Take the Toronto Maple Leafs, for example. They may be due to improve upon their power play. Despite possessing the seventh-best power play in the league, the Maple Leafs are generating scoring chances at a rate 35 percent better than any other team. A correction towards expected goals will see them score more, not less.
Anyways, back to the Oilers. The power play with Klefbom at the point has been reasonably effective. It does not quite stand up against some of the top units in the league, but the shot and scoring chance numbers suggest they are regularly in good positions to score. In the table below, I compare them to some of the best units in the league highlighted by their most common four players. I measure the statistics per two minutes of power play time to provide an effective visual of what is happening on each complete power play.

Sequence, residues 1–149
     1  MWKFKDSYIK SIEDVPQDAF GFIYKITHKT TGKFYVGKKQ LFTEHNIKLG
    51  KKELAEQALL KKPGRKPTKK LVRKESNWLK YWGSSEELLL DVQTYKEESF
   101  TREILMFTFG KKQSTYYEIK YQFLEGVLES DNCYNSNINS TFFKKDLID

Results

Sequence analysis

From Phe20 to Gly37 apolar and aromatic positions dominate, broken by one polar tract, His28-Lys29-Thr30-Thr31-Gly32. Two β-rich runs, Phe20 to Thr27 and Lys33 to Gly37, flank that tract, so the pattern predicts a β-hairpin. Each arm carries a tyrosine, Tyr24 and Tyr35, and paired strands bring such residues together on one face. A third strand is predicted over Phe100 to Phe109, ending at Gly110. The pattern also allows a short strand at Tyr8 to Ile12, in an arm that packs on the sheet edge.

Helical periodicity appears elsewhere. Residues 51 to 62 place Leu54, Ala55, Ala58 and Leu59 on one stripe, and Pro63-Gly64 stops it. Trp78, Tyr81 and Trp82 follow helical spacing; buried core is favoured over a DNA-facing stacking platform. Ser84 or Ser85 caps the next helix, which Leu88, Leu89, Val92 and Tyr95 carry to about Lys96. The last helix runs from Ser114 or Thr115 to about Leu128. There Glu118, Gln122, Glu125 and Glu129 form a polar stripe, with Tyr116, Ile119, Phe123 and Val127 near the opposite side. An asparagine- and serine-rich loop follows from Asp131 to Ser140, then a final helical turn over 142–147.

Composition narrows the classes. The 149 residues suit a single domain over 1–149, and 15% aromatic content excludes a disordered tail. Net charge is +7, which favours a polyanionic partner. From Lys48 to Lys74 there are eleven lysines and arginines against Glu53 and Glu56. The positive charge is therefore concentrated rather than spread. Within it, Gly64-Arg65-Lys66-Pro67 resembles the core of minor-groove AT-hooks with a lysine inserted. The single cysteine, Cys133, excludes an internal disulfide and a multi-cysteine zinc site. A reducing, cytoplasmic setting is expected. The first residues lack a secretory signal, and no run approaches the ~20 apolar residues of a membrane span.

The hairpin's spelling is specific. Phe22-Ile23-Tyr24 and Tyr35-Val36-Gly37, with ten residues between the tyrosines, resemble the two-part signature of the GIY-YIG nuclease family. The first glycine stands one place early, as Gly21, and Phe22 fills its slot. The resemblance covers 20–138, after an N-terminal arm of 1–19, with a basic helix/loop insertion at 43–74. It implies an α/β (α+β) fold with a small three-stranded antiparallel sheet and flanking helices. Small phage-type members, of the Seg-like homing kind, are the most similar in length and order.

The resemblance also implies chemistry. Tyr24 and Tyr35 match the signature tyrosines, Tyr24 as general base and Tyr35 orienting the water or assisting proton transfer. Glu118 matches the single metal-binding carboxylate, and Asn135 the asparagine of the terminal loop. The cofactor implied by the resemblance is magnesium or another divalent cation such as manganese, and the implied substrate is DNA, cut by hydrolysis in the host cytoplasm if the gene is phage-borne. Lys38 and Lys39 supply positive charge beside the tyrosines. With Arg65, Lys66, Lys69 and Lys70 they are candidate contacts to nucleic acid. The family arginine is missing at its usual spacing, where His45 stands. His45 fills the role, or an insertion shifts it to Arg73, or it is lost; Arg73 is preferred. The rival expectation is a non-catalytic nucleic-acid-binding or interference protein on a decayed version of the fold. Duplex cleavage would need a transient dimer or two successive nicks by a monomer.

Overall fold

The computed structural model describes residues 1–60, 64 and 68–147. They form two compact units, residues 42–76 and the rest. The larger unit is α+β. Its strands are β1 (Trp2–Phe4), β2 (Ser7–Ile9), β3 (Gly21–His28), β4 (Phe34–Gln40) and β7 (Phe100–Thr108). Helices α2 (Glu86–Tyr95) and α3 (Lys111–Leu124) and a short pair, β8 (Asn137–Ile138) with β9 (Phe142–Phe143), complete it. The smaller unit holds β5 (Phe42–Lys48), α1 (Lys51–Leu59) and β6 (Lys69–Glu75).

Power Play Success
|Unit or Team||Time||Goals/2 min||Shots/2 min||Chances/2 min|
While it is clear that some of these notable top power play units are outpacing the Oilers in the goal scoring department, Klefbom’s unit has done well at generating shots and chances. You’d like to see the team’s most talented players bury more of their chances, but a power play that is typically on the attack and assertive in this manner should provide the team energy and retain momentum even when it doesn’t score.
The Power Play Without Oscar Klefbom
In the four full games since Klefbom’s injury, the power play has not only struggled to score but it has often robbed the Oilers of their momentum, and in some cases, their chance to win. Klefbom has been replaced on the top unit by Darnell Nurse, while the rest of the personnel has remained.
|McDavid/Draisaitl/Nugent-Hopkins||Time||Goals/2 min||Shots/2 min||Chances/2 min|